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Greetings experts,

I've configured a nice little linux firewall machine here. It's got eth1 for the internal network (10.0.0.*), and eth2 for the external network (65.130.27.69/27). eth0 is not currently being used. (I'm using fake IP addresses, by the way. I don't know who has these.)

I've got all the iptables stuff done and set properly with DNAT, it all works just fine and I've updated the /etc/sysconfig/iptables. All good.

Here's where it gets fun. We've got a bunch of IPs here, and another server wants to receive port 80 traffic, but on a different IP. I added the rule to iptables, then added the secondary IP to eth2 like so:

# ip addr  add 65.130.27.70/27  dev eth2  broadcast 65.130.27.79

And that works:

# ip addr
1: lo: <LOOPBACK,UP,LOWER_UP> mtu 16436 qdisc noqueue
    link/loopback 00:00:00:00:00:00 brd 00:00:00:00:00:00
    inet 127.0.0.1/8 scope host lo
2: eth0: <BROADCAST,MULTICAST> mtu 1500 qdisc noop qlen 1000
    link/ether 08:00:09:dc:f4:c1 brd ff:ff:ff:ff:ff:ff
3: eth1: <BROADCAST,MULTICAST,UP,LOWER_UP> mtu 1500 qdisc pfifo_fast qlen 1000
    link/ether 00:a0:c9:03:ac:9b brd ff:ff:ff:ff:ff:ff
    inet 10.0.0.0/8 brd 10.255.255.255 scope global eth1
4: eth2: <BROADCAST,MULTICAST,UP,LOWER_UP> mtu 1500 qdisc pfifo_fast qlen 1000
    link/ether 00:a0:c9:73:7f:97 brd ff:ff:ff:ff:ff:ff
    inet 65.130.27.69/28 brd 65.130.27.79 scope global eth2
    inet 65.130.27.70/28 brd 65.130.27.79 scope global secondary eth2

Now device eth2 listens to two IP addresses, .69 and .70. All good, works just fine. The firewall routes traffic as it should, the internal server receives traffic as it should.

Then, one day, for unknown reasons, the firewall machine was rebooted. It had been a few years since I originally set it up, so I had completely forgotten about this secondary IP address. Later, people started complaining that such-and-such service wasn't working. It wasn't working because the firewall machine came back up without the secondary IP address, the .70 one above. So I, once again, manually added it with the above magic command.

Here's the question: How do I set this machine to automatically add the secondary IP address upon boot-up?

Some solutions I've already come up with:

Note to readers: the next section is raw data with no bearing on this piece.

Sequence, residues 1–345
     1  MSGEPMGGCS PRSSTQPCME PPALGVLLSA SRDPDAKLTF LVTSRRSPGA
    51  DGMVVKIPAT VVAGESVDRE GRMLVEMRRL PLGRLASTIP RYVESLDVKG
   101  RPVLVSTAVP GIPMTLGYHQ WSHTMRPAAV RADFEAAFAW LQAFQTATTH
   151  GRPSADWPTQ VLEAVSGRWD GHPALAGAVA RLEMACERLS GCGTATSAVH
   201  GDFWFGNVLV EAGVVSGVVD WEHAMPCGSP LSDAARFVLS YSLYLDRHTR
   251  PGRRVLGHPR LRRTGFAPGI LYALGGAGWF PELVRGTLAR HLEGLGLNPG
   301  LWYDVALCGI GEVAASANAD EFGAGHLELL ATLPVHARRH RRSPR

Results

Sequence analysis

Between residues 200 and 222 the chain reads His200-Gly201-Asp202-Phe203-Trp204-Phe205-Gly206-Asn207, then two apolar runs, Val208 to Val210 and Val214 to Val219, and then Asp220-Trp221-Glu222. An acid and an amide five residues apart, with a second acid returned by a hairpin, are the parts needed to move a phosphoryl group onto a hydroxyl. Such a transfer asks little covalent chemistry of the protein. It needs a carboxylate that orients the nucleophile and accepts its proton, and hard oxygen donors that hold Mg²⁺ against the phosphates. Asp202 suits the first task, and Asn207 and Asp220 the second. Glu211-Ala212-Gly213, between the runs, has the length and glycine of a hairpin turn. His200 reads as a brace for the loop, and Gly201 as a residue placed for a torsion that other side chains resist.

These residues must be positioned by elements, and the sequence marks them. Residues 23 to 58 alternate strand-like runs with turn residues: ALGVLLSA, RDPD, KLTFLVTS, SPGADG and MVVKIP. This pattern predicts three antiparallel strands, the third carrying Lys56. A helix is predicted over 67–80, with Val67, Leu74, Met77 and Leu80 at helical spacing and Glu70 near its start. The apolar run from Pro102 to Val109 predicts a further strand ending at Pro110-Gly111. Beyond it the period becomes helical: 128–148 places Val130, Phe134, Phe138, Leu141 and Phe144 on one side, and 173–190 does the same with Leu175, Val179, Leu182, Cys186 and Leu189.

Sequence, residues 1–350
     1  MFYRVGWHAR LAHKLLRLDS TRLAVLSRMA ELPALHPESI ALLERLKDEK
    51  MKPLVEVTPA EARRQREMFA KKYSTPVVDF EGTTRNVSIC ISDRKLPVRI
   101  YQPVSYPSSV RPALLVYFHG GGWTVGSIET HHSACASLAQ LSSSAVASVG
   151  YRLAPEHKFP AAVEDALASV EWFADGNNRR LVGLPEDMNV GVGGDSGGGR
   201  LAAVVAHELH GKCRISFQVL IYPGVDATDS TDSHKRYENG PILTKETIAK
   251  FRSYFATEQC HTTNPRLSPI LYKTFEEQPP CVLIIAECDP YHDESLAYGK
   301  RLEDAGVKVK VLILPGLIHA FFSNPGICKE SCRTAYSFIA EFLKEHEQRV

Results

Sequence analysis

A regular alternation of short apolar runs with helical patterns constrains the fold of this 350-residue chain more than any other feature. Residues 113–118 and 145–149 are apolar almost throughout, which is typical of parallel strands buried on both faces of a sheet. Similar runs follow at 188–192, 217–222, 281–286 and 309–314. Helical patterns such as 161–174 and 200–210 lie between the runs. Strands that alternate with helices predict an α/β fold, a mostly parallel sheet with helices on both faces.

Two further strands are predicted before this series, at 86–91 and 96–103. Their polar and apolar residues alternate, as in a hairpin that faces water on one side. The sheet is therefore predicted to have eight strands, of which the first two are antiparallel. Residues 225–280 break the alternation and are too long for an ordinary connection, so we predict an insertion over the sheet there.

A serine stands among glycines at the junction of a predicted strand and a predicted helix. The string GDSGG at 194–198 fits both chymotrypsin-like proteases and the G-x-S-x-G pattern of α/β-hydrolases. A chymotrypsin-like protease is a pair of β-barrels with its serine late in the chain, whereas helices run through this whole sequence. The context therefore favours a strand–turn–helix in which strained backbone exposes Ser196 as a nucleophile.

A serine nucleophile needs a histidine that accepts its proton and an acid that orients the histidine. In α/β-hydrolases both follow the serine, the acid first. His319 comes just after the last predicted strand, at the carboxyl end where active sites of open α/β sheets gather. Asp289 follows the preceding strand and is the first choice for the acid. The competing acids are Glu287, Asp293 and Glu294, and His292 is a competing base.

I've already added this magic command to /etc/rc.d/rc.local:

# ip addr  add 65.130.27.70/27  dev eth2  broadcast 65.130.27.79

and I'm pretty sure that it'll work if (or when) it's ever rebooted again. However, I ran across these docs:

http://www.redhat.com/docs/manuals/linux/RHL-9-Manual/ref-guide/s1-networkscripts-interfaces.html

By following the example near the bottom with a clone interface, I could make another file, /etc/sysconfig/network-scripts/ifcfg-eth2-secondary and put one line in it:

IPADDR=65.130.27.70

Would this replace the existing IP address on this device, or add another one? Is this method recommended over the one above?

Why don't I try these myself? Until I get another firewall machine set up to play with, I'm not going to mess around with the production machine.

share|improve this question
    
If you want to use fake IP addresses, then use the TEST-NET network addresses, as per RFC3330. –  womble Jan 7 '10 at 0:41
    
Womble: Good point, thanks. –  jedihawk Jan 7 '10 at 17:39
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1 Answer 1

up vote 7 down vote accepted

Normally what you would do is create a alias so you would have one IP bound to eth2 and one bound to eth2:1

You would configure your startup scripts as such

/etc/sysconfig/network-scripts/ifcfg-eth2
DEVICE=eth2
IPADDR=65.130.27.69
ONBOOT=yes
BOOTPROTO=static
BROADCAST= ... etc, etc.


/etc/sysconfig/network-scripts/ifcfg-eth2:1
DEVICE=eth2:1
IPADDR=65.130.27.70
ONBOOT=yes
BOOTPROTO=static
BROADCAST= ... etc, etc.

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